Power quality is a problem faced by utilities worldwide. Problems such as high feeder losses related to reactive power flows and feeder voltage problems are serious operational issues in many locations. Whereas many utilities initially addressed the smart grid by installing self- healing technology to improve feeder reliability, they didn’t consider the quality problems that were imposed on the affected feeders caused by sudden load shifts when unfaulted loads were transferred to backup circuits. These technologies must be considered in synergism with one another.

If these dynamic operational power quality deficits can be improved or resolved through renewable resource investment, its smart deployment will enhance the initial financial justification based on load control alone. Renewable resources can be utilized to shorten the repayment period of the investment through strategic automation of the resource by improving the costly power quality issues related to optimized grid operations.
The question is, are the renewable resources being positioned to maximize their operational effectiveness?

Ownership that Maximizes Effectiveness

Whoever owns the resource may have a large impact on the effectiveness of the resource in grid operations and its significance with regards to financial payback. Typically, government subsidies which provide economic incentives to encourage renewable investment often favor private participation rather than utility-owned deployment. The ability to maximize the operational benefit of the resource is largely affected by ownership. For example:

If the renewable resource is privately owned and installed, the value to the utility may be limited since the resource’s functional objective may be restricted to the load that it serves. Its primary use case will likely be targeted to reduce the owner’s billable load. The added expense of deploying complex controllers that can leverage the resource’s operational advantage may not be recognized as an important feature by the private owner. The public-owned resource’s effectiveness may be of value to the utility only during extreme situations, such as emergency conditions, related to the high cost of energy or microgrid operation. However, under normal operational conditions, its value will be primarily for the benefit of the owner in reducing energy consumption.
If the renewable resource is utility-owned, its value to grid operations can be exploited for broader operational impact, which includes lowering feeder operational costs while improving the feeder’s energy transfer capability. Since these objectives transcend the DER’s benefit to the load alone, the added investment in enabling dynamic control capability would be recognized to be of value only by the utility.

To maximize the advantage of the resource, its operation must be integrated into the operational infrastructure of the DMS/ADMS and DERMS. The overall data collection and control architecture, and the interfaces that are needed, must be established to enable the flexible operation of the renewable resource in its participatory role in a wide range of use cases.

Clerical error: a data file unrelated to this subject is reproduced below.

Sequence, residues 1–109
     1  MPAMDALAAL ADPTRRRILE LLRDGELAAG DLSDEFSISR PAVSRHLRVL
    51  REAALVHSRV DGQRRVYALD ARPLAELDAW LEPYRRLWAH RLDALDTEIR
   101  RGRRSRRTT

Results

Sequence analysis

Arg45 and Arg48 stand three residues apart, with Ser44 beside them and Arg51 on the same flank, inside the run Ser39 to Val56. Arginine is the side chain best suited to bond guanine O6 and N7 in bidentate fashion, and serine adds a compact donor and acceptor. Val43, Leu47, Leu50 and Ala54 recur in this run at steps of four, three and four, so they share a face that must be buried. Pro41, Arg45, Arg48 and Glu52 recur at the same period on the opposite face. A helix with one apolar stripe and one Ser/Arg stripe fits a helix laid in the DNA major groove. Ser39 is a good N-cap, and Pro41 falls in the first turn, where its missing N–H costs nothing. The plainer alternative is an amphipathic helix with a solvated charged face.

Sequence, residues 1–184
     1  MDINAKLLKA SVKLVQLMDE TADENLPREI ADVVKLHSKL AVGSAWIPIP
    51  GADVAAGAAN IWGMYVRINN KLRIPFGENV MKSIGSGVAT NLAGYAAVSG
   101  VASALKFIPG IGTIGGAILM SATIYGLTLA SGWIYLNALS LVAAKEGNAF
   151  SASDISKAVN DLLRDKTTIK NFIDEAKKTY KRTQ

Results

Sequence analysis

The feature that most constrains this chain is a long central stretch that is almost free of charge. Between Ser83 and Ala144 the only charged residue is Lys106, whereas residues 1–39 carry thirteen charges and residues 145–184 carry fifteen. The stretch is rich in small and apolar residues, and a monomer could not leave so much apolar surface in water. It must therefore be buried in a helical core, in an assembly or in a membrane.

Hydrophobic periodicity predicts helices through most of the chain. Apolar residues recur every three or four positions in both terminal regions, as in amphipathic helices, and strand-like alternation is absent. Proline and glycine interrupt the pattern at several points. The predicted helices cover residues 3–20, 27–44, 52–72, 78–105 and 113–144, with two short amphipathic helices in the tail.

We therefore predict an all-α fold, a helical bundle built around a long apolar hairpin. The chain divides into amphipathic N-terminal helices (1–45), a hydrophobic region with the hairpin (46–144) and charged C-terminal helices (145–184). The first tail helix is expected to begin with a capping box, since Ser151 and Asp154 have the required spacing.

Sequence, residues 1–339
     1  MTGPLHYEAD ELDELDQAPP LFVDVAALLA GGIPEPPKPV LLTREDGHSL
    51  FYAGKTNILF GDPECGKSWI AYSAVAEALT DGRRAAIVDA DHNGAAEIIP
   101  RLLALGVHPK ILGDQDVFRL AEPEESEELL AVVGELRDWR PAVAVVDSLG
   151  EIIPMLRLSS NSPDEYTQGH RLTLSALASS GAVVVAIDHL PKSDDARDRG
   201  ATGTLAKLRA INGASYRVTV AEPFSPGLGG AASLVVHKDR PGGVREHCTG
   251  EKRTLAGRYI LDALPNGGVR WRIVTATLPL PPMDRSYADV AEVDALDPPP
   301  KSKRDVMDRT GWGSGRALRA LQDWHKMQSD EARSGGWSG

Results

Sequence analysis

DER Interfaces that Improve Effectiveness

Unfortunately, many of today’s smart inverters are designed for minimum current capability to reduce the inverter cost. This design consideration limits the control usability of the resource. A typical DER, such as a PV inverter, is rated as follows:

  • Wmax: maximum real power output
  • VAmax: maximum apparent power
  • VArmax; maximum reactive power, injection or absorb
  • Amax/rms: maximum AC current

In many cases, the name plate ratings define the operating limits of the DER. However, the ratings do not infer that the inverter offers dynamic set point operational control of the four-quadrant output. It must be understood that control adjustments to some classes of “smart inverters” are intended to be a manual on-site adjustment.
In many cases, the output setting is a voltage setting, and does not allow for the DMS/DERMS to issue a feeder strategic VAR setting to inject or absorb reactive power for the overall benefit of the feeder’s electrical power quality. This shortcoming may limit the DER’s effectiveness towards a strategic control ensuring the feeder’s viability. In this instance, the DER’s function independently of each other at their point of common coupling (PCC).

Strategically, to derive the maximum financial and operational benefit of the DERs, it is necessary to orchestrate their operation to the optimal operational profile for each feeder. The feeder’s operational security and effectiveness for all loads is achieved when maximum renewable injection can be achieved at minimum feeder losses, operating under a flattened, minimum voltage profile. This objective is achieved when all the available resources of the feeder are operated in a single harmonized control scheme, driven by the dynamic feeder automation application.

Role of the DERMS

The real-time application that calculates the optimum settings of each feeder will have different smart grid objective functions. The synergistic operationally critical DERMS functions include:

  • Self-healing
  • Volt/VAR optimization
  • Renewable control

To meet these objectives, the effective real-time control of the feeder’s resources will encompass a three-pass control loop ranging from course to intermediate to fine control of the feeder’s operation. The devices that must be considered and controlled to achieve the optimum operation includes the following:

  • Load tap changer
  • Voltage regulator
  • Capacitor
  • DER
  • Load control